Posted by Andrew Nellist, Partner
Why choose a civil partnership over marriage?
Recently a British couple made use of the new laws in the Isle of Man (passed on 19 July 2016) allowing heterosexual couples to enter into a civil partnership. The Isle of Man is currently the only place in the British Isles where both gay and straight couples can enter into a civil partnership.
The law as it stands in England and Wales says that couples from different sexes cannot enter into a civil partnership – the only option available to them is ‘marriage.’
However, for same sex couples if you are 16 or over and free to form a civil partnership (single, divorced or widowed), you can either enter into a civil partnership or get married.
Why would you prefer a civil partnership over marriage?
A couple’s reasons for preferring a civil partnership over marriage may be varied. For most it may be because of the religious element to the constitution of a marriage even though marriages need not now be a religious ceremony.
The couple in this story are reported as saying that they do intend to marry at some future date but they saw the benefits of first entering into a civil partnership, which are the same as entering into a marriage. There are many benefits some of which are listed below:
1. A civil partner does not have automatic parental rights over their partner’s children but has a general duty to safeguard the health and welfare of children under 16 who live in the household. If a child is conceived by donor insemination or fertility treatment on or after 6 April 2009, a civil partner can be the second legal parent and have automatic parental responsibilities and rights towards the child. Civil partners can adopt a child together.
2. Civil partners are treated as any other couple who are living together when assessing entitlement to means-tested benefits and tax credits. Your resources and requirements are jointly assessed. A surviving civil partner can claim bereavement benefits, or in some cases, a retirement pension based on a partner’s national insurance contributions.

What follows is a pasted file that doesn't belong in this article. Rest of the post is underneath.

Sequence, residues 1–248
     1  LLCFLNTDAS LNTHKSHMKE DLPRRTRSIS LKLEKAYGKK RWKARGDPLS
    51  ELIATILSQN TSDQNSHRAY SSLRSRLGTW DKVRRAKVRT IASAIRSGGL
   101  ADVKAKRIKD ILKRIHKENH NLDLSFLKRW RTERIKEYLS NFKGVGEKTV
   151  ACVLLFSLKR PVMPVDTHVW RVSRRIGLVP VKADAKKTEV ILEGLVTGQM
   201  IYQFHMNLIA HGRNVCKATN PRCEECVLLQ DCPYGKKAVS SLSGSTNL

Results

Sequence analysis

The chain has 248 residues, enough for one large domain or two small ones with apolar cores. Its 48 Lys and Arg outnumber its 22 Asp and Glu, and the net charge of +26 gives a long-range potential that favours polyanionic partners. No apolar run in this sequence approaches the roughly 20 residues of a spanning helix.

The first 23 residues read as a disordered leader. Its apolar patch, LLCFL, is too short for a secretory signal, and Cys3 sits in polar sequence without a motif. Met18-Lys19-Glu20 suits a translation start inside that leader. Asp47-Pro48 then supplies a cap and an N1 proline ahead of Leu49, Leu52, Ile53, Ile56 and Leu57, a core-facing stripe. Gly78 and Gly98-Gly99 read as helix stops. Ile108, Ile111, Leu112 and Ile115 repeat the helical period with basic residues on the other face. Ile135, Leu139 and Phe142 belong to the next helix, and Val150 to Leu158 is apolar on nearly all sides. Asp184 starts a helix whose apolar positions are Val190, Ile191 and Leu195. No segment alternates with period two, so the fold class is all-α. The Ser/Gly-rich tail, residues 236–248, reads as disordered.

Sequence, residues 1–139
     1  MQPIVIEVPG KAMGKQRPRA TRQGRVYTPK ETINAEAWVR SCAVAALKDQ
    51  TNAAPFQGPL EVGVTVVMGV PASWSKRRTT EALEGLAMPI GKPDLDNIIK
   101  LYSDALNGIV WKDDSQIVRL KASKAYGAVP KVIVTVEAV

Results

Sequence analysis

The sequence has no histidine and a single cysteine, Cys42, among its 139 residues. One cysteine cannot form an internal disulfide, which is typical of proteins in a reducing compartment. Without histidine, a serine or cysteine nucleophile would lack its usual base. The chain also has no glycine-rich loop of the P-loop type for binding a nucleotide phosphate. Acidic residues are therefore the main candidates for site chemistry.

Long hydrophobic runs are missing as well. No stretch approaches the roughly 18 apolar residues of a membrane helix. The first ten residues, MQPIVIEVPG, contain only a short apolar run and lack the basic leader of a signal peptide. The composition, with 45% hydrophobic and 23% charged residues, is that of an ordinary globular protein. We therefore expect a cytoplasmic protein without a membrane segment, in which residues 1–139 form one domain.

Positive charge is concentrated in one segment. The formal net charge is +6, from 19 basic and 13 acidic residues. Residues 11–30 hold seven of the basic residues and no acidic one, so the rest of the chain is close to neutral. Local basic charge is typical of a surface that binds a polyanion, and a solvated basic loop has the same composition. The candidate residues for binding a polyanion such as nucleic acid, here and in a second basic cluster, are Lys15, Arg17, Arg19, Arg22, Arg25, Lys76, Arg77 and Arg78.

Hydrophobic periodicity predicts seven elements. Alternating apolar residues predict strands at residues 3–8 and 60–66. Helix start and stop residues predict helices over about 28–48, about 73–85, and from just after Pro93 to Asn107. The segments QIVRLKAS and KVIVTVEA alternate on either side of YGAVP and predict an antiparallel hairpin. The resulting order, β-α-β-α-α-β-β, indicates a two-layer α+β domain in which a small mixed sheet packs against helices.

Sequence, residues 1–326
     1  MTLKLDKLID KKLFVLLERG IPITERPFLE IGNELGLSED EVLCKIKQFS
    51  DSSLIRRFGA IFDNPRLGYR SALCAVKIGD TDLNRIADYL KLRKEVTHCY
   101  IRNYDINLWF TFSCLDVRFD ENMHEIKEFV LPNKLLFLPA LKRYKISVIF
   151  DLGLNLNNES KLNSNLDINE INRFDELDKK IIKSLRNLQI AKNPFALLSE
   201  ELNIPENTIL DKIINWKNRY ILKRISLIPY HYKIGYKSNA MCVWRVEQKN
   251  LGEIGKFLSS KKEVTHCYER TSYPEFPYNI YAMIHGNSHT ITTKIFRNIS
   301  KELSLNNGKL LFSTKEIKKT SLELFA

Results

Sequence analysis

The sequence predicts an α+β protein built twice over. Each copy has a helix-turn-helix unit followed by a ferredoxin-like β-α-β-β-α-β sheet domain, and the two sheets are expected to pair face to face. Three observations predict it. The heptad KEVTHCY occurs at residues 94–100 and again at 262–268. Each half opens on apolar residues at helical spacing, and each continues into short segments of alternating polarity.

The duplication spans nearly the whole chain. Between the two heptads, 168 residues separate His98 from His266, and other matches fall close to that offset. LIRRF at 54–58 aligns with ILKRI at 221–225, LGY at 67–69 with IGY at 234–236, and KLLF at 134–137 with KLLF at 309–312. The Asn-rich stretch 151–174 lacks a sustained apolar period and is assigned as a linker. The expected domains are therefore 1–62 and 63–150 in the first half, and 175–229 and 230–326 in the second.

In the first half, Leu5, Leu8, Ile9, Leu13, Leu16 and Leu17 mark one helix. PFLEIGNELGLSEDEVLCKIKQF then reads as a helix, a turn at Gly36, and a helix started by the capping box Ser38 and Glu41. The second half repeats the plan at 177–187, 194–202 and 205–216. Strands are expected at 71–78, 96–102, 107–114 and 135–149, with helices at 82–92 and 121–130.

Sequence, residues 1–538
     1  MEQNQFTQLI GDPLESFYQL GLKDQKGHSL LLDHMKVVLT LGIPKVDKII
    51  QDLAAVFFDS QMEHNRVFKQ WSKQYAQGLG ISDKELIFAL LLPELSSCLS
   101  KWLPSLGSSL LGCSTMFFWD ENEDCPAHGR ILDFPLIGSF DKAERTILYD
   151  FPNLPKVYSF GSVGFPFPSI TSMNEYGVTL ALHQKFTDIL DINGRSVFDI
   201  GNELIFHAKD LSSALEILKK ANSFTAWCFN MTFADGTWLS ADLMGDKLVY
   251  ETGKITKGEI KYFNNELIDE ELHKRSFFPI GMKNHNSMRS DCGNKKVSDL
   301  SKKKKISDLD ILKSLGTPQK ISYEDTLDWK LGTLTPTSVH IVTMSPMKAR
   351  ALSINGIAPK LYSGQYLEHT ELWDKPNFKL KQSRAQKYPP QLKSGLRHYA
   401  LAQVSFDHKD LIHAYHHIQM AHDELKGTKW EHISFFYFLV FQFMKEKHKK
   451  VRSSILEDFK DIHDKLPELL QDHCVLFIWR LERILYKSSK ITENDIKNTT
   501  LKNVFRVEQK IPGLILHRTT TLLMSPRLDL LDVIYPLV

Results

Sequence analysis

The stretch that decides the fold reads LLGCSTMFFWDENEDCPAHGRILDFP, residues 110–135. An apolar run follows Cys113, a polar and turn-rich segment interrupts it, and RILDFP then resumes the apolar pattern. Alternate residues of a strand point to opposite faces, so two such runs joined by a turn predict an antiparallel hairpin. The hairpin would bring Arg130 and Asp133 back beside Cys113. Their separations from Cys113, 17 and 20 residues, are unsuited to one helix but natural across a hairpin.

3. It is against the law for an occupational pension scheme not to offer the same rights to a civil partner as a married partner. You may be able to claim a state retirement pension based on your civil partner’s national insurance contributions. A civil partner is entitled to a share of an ex-partner’s pension if the relationship is formally ended, for example by dissolution. If your civil partner dies, you may also be entitled to a share of an occupational or private pension.
4. Civil partners have an equal duty to maintain each other.
5. A civil partner is always acceptable as next of kin.
6. A couple can separate informally but will need to go to court to dissolve the civil partnership.
7. Both civil partners have a right to remain in the home unless a court has ordered otherwise.
8. If your civil partner dies without leaving a Will, you will get the home, contents, and part of the remaining estate. If your civil partner does leave a Will which leaves little or nothing to you, you can claim legal rights to part of the estate.
So will England and Wales follow?
There are a number of cases currently going though the courts where different sex couples are arguing that it is a breach of their human rights not to be able to enter into a civil partnership as you can in the Isle of Man, so I believe England and Wales may well follow this course in the future.
On 2 November 2016 the High Court heard an appeal against the ruling not to allow heterosexual sex couples to enter into a civil partnership in the UK, with the judgment expected to be reserved.
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